Rationale: Cigarette smoking is linked to important aspects of tuberculosis, such as susceptibility to infection, disease reactivation, mortality, transmission, and persistent infectiousness. The mechanistic basis for this remains poorly understood.
Objectives: To compare the functional impairment seen in human alveolar macrophages (AM) from nonsmokers, smokers, and ex-smokers after infection with Mycobacterium tuberculosis (Mtb).
Methods: AM were acquired at bronchoscopy, and number and viability from smoking donors were compared with nonsmoking donors. AM were challenged in vitro with Mtb and intracellular bacterial viability was measured. Cytokine secretion was measured 24 hours postinfection by ELISA. Previously we determined the frequency of CD4(+)FoxP3(+) T cells in the presence or absence of allogeneic AM, and data were reanalyzed to separate the patient subjects according to smoking status.
Measurements and main results: There were significantly more AM from smokers compared with nonsmokers or ex-smokers (P < 0.01). AM from smokers could not control intracellular Mtb growth. Nonsmokers' AM generated significantly more tumor necrosis factor (TNF)-α, IFN-γ, and IL-1β after Mtb infection compared with uninfected AM (P < 0.05). However, Mtb-infected AM from smokers did not secrete significantly more TNF-α, IFN-γ, and IL-1β compared with uninfected smokers' AM. AM taken from ex-smokers also failed to secrete significantly increased TNF-α, IFN-γ, and IL-1β after Mtb infection. Both smokers' and nonsmokers' AM induced FoxP3(+) T regulatory cell phenotype responses in allogeneic admixed T cells (>4.8 fold; P < 0.05). Even after Mtb infection, AM continued to drive this regulatory phenotype.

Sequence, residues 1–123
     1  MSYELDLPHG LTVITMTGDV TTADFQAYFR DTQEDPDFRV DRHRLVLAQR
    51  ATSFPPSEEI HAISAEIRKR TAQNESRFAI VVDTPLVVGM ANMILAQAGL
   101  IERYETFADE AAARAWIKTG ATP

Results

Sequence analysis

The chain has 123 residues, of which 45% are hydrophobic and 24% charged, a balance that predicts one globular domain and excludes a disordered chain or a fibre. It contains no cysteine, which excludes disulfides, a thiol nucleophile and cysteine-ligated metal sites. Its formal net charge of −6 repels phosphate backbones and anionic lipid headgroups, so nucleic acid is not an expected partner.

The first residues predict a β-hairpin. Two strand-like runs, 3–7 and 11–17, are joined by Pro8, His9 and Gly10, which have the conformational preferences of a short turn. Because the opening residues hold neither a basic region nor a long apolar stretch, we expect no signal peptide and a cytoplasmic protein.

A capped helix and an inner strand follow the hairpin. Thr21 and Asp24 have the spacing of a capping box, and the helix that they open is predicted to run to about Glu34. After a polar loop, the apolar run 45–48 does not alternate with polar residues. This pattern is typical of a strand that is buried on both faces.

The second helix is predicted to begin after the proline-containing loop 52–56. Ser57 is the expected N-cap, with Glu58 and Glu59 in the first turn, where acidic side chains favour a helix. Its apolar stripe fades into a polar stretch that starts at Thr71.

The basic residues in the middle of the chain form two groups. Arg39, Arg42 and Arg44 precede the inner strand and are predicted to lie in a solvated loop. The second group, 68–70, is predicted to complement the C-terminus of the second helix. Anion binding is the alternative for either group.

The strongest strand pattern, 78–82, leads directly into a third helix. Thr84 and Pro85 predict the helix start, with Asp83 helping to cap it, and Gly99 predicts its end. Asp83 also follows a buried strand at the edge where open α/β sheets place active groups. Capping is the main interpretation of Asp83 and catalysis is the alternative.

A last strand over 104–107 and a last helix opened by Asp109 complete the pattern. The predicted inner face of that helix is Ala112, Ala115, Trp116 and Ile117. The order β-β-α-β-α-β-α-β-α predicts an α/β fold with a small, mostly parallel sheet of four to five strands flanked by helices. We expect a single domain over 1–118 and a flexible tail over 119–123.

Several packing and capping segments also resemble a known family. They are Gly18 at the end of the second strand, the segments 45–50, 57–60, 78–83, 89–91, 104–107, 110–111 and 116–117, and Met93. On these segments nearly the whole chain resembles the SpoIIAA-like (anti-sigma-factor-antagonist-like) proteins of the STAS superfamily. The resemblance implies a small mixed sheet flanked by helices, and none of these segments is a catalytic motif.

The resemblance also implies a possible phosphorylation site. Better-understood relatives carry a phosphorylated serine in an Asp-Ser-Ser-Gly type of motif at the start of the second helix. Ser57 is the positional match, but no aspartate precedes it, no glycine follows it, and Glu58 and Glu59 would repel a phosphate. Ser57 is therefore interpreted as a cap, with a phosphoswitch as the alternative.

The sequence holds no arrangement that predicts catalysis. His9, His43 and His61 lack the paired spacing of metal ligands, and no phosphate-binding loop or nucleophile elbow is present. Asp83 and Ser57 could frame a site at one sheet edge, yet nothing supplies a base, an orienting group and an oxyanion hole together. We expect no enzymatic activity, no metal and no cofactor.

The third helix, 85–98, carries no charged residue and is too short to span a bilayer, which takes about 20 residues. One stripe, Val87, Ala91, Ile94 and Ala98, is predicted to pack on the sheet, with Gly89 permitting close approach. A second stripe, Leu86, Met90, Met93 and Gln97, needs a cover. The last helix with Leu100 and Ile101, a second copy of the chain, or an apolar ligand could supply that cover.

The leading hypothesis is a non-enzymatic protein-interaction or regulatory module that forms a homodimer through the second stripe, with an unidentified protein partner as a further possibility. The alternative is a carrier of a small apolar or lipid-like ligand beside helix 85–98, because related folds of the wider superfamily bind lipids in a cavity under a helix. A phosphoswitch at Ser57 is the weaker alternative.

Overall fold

Conclusions: In smokers, the pulmonary compartment has a number of macrophage-specific immune impairments that provide some mechanistic explanations whereby cigarette smoking renders a patient susceptible to tuberculosis infection and disease.
Keywords: Mycobacterium tuberculosis; innate immune response; tobacco products.